Two official photographs to mark Prince William's engagement to Kate Middleton show the couple "brimming with happiness".
The portraits, one formal and the other more casual, were taken by Mario Testino, the fashion and celebrity photographer, who created some of the most enduring images of Diana, Princess of Wales.
In the pictures William and Kate, both 28, look very much in love, holding each other in the setting of St James' Palace in London.
The photographer said: "They are in their prime and brimming with happiness. I have never felt so much joy as when I see them together."
In the formal image, the couple Kate is wearing a white Reiss dress, Links earrings and her engagement ring that once belonged to Diana. The prince is dressed in an outfit by Turnbull and Asser.
They are standing in the palace's council chamber with its walls hung with paintings of some of William's ancestors.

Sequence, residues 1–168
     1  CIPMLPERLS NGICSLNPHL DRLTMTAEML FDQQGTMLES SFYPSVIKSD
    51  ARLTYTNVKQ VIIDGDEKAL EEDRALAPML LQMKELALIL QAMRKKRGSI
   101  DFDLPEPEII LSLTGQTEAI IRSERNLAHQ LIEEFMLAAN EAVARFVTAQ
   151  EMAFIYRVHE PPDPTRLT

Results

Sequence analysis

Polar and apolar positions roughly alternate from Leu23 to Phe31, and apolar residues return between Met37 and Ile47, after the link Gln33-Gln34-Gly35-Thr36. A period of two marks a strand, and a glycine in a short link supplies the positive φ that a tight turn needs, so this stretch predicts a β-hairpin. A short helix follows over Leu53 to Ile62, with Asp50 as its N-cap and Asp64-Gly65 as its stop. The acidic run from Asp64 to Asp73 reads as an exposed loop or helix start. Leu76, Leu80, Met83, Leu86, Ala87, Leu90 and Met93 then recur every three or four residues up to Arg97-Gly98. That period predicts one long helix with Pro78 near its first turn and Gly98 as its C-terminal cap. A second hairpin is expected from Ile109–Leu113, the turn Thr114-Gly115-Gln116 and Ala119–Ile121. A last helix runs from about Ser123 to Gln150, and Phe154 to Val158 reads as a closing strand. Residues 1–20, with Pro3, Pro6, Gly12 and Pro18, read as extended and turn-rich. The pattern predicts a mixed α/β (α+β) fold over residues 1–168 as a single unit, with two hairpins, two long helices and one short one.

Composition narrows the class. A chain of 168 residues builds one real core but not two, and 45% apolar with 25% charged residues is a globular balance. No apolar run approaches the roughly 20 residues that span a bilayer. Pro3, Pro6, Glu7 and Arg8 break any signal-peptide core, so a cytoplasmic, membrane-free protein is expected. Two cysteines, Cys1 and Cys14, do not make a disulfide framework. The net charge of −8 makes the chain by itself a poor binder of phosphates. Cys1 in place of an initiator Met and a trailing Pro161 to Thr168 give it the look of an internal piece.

Three portraits can be seen – William III and Mary II both by Sir Godfrey Kneller and Karl William Ferdinand, Duke of Brunswick-Wolfenbuttel, by Johann Georg Ziesensis.
A second informal image shows the couple smiling and embracing, with William wrapping his arms around Kate.
Kate and William chose the two images to be released out of the set of pictures taken by the photographer.
On Saturday Home Secretary Theresa May denied claims royal security was being put at risk by coalition spending cuts.
But she said the Prince of Wales may have to abandon his historic Rolls-Royce in the wake of the attack by tuition fee protesters last Wednesday evening. Mrs May confirmed that the prince's wife Camilla had come into contact with the mob who surrounded the car in the West End.
Amid reports that Metropolitan Police Commissioner Sir Paul Stephenson offered to resign after the chaotic scenes, Mrs May insisted she had not considered falling on her sword.
She also defended the "robust" police response to the disorder in the capital.
"The Met Police obviously have to look at how they should be dealing with these demonstrations," she said.
"They will look across the board and they will be making operational decisions.
"What we need to do is find out what happened in this incident and to see whether there is anything that can be learnt from this incident."